Sound Advice: Asian Elvis by D-Sisive
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Sound Advice: Asian Elvis by D-Sisive

D-Sisive's new mixtape has an odd name and a diverse bunch of songs.

D-Sisive is probably the hardest working man in Toronto music. Just weeks after releasing a magnum opus tribute to the Beastie Boys’ MCA, the man occasionally known as Derek Christoff is back again with a new 14-song mixtape somewhat inexplicably called Asian Elvis.

Asian Elvis is a mixtape in the old-school sense. With the exception of a couple beats from frequent co-conspirator Muneshine, most of the songs are over borrowed beats—some of them from new, internet-hot hip hop (Danny Brown, Kendrick Lamar, A$AP Rocky), while others are sourced from more unexpected places (Beirut, Elliot Smith). Muneshine uses this unusual mixture of sounds to show that D-Sisive isn’t so much a rapper as an entire rap group stuck inside of one man.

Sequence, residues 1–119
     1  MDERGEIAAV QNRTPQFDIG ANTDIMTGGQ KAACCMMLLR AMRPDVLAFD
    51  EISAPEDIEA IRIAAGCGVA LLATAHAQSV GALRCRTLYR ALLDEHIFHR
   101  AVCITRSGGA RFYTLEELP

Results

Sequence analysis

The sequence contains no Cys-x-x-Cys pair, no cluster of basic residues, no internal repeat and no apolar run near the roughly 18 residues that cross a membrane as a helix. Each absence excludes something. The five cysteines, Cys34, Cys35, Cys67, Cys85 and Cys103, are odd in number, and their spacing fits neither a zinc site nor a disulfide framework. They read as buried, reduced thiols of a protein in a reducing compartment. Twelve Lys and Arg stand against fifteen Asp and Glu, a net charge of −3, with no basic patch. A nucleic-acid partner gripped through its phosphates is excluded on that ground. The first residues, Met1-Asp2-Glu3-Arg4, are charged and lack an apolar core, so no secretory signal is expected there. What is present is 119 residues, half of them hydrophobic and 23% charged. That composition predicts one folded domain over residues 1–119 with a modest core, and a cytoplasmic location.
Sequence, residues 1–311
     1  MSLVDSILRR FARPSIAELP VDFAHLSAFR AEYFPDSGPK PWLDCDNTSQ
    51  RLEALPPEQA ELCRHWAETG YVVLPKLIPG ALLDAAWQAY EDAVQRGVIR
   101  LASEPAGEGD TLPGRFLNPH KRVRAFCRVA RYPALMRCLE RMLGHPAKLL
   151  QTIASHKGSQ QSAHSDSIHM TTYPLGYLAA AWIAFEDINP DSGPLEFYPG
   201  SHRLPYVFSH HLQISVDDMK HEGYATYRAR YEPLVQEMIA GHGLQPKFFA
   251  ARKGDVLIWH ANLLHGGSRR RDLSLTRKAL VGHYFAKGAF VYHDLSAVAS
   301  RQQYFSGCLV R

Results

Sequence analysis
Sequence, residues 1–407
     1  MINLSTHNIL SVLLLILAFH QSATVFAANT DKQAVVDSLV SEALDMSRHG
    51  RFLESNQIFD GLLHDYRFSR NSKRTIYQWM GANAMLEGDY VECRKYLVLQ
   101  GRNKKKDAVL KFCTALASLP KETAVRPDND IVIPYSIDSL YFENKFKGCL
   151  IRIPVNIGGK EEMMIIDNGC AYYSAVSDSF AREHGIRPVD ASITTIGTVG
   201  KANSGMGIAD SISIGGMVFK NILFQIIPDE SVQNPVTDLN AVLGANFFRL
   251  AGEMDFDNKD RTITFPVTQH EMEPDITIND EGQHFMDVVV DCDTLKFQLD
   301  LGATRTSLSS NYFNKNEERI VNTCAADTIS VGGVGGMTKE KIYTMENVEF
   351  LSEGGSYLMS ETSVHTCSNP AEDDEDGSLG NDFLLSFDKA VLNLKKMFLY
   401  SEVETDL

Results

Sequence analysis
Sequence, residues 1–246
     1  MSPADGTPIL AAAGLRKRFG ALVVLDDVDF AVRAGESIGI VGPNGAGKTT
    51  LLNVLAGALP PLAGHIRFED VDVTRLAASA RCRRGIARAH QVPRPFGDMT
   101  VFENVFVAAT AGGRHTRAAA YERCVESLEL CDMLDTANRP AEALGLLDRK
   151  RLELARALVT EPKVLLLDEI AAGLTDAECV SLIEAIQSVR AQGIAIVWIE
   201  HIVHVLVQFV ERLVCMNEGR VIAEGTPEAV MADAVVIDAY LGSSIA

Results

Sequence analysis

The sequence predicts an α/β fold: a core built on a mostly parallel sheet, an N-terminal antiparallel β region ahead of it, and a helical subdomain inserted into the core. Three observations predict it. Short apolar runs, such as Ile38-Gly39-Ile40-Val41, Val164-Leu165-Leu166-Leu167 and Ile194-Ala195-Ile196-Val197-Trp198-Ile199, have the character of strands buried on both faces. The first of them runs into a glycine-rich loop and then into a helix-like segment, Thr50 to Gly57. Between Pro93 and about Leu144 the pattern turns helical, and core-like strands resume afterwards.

D-Sisive returns to his roots as a lyrically murderous battle rapper on the title track and on “The NoteB.O.O.K.,” where he goes for the throat of a particularly egregious style-biter. (You can listen to “The NoteB.O.O.K.” by clicking on the sample above.) On “I Saw My Father Cry,” “The Snowfall,” and “Suicide Heaven,” he comes across as the brilliant-but-tortured MC we saw on The Book and Run with the Creeps. On “Morris Day,” he’s just a funny, affable guy talking about his slight workaholic tendencies. No matter what persona he’s throwing out, he’s consistent in one thing: pretty much every verse on the entire tape has at least one rewind-worthy line. (“Morris Day” has about seven.)

D-Sisive is already known as a smart MC with great punchlines and a gift for storytelling. On Asian Elvis, he proves that he can be any MC you want him to be.